Assessment of Common Simulation Protocols for Simulations of Nanopores, Membrane Proteins, and Channels
J Wong-ekkabut and M Karttunen, JOURNAL OF CHEMICAL THEORY AND COMPUTATION, 8, 2905-2911 (2012).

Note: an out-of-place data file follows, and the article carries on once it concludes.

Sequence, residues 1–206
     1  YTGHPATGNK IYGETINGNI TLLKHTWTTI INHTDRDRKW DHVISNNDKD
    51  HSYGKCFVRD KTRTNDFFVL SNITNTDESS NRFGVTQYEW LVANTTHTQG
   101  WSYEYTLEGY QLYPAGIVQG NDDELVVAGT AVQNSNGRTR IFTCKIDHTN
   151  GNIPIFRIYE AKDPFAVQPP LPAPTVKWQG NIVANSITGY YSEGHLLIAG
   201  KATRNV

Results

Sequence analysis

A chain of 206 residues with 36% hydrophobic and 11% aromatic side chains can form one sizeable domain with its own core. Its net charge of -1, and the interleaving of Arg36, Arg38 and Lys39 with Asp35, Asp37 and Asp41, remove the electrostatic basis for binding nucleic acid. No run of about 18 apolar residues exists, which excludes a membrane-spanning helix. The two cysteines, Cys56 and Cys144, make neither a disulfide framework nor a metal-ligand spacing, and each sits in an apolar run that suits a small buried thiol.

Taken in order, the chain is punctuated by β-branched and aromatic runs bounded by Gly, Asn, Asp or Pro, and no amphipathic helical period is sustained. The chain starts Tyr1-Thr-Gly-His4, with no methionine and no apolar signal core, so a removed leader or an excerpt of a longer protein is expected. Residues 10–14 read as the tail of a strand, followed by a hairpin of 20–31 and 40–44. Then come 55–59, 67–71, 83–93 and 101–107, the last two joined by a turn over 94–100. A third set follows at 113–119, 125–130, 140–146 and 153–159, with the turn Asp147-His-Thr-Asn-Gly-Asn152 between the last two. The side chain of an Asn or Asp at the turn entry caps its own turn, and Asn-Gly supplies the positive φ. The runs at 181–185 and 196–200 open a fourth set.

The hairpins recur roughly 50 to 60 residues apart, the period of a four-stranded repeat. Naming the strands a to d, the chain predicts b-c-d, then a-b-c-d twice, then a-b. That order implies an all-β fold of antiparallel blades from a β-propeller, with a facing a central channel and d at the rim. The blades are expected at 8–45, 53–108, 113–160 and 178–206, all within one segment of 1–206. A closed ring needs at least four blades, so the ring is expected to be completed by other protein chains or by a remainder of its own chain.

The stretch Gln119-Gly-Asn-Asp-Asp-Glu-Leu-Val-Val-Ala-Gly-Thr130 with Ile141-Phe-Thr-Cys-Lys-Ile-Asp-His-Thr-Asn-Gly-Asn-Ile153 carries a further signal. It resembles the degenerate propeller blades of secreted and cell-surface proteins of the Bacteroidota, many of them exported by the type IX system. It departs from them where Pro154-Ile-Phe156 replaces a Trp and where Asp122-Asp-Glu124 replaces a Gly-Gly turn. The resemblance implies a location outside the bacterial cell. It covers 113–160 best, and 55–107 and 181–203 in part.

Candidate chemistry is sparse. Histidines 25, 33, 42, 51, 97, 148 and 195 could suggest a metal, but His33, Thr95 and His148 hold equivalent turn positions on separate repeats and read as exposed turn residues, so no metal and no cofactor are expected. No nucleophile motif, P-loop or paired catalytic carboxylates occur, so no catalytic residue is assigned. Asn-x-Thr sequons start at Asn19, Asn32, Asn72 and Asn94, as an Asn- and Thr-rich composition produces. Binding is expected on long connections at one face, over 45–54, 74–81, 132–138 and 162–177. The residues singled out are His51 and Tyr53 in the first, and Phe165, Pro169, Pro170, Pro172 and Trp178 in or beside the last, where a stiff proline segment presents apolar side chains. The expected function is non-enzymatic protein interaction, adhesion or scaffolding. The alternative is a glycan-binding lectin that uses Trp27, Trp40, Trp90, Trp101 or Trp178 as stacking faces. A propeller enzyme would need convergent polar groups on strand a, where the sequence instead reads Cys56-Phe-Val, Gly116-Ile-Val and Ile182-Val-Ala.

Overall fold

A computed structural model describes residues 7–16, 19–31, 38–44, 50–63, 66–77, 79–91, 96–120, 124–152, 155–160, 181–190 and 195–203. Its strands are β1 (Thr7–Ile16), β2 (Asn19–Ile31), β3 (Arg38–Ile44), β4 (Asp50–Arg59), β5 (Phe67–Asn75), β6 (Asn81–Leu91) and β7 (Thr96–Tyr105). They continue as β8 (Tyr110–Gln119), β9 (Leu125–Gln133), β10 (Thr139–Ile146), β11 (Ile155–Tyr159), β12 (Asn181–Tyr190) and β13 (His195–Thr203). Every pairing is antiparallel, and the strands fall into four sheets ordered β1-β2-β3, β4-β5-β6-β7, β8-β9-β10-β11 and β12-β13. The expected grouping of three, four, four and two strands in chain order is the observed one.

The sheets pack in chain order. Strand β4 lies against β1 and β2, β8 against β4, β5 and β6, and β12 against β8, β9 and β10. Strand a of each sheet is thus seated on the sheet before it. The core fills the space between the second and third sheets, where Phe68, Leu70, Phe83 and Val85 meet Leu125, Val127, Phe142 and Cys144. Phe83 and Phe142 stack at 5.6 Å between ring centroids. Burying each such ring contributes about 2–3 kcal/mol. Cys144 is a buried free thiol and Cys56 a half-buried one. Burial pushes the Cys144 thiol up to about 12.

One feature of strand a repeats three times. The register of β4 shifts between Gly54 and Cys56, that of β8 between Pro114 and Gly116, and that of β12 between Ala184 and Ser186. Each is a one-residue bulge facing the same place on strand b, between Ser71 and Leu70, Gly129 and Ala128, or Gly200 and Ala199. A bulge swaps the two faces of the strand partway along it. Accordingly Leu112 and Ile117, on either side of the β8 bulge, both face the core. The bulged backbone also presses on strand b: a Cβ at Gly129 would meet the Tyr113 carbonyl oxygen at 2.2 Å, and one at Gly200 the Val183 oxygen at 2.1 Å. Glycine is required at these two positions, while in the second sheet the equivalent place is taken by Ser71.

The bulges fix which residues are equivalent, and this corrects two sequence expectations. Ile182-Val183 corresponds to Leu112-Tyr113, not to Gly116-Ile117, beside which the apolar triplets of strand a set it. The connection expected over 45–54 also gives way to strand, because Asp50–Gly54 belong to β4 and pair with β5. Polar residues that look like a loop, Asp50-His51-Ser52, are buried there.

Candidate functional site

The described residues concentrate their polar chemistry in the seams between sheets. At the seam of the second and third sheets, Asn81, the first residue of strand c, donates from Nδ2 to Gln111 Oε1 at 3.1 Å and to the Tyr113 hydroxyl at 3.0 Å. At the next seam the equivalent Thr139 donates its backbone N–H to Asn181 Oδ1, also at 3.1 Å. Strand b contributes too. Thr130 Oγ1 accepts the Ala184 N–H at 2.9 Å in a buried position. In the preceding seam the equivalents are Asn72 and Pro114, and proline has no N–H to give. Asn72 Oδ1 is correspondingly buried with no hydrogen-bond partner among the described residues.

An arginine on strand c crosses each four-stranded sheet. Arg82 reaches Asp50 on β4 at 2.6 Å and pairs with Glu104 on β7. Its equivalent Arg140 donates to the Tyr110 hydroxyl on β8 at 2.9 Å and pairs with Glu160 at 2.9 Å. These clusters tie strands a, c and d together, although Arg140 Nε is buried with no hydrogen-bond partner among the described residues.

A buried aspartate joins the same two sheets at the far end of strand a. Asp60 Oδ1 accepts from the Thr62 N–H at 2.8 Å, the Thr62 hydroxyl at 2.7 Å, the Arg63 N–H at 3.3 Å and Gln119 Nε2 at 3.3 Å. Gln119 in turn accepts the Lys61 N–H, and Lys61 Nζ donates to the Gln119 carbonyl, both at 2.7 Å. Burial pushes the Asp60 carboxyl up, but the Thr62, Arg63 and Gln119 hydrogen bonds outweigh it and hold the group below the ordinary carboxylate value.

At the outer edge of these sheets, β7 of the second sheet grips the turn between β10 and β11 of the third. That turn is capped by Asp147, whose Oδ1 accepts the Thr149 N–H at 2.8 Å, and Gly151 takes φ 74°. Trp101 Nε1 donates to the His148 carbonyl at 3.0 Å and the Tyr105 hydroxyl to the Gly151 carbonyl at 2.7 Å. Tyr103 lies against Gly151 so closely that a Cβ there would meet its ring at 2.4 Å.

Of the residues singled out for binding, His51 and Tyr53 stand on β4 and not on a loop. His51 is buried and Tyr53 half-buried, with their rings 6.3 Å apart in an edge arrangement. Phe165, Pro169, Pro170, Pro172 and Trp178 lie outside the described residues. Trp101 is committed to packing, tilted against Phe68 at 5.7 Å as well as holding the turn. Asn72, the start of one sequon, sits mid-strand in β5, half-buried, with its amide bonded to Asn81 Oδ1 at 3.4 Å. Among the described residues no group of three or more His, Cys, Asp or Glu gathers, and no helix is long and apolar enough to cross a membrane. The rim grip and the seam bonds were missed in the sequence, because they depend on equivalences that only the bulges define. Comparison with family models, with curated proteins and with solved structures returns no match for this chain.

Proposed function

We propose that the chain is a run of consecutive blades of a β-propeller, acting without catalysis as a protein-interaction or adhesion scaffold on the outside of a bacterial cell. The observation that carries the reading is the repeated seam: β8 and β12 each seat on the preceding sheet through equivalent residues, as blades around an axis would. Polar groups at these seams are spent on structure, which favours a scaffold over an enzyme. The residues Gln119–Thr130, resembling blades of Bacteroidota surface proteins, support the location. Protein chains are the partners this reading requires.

Molecular dynamics (MD) simulation has become a common technique to study biological systems. Transport of small molecules through carbon nanotubes and membrane proteins has been an intensely studied topic, and MD simulations have been able to provide valuable predictions, many of which have later been experimentally proven. Simulations of such systems pose challenges, and unexpected problems in commonly used protocols and methods have been found in the past few years. The two main reasons why some were not found before are that most of these newly discovered errors do not lead to unstable simulations. Furthermore, some of them manifest themselves only after relatively long simulation times. We assessed the reliability of the most common simulations protocols by MD and stochastic dynamics (SD) or Langevin dynamics, simulations of an alpha hemolysin nanochannel embedded in a palmitoyloleoylphosphatidylcholine (POPC) lipid bilayer. Our findings are that (a) reaction field electrostatics should not be used in simulations of such systems, (b) local thermostats should be preferred over global ones since the latter may lead to an unphysical temperature distribution, (c) neighbor lists should be updated at all time steps, and (d) charge groups should be used with care and never in conjunction with reaction field electrostatics.
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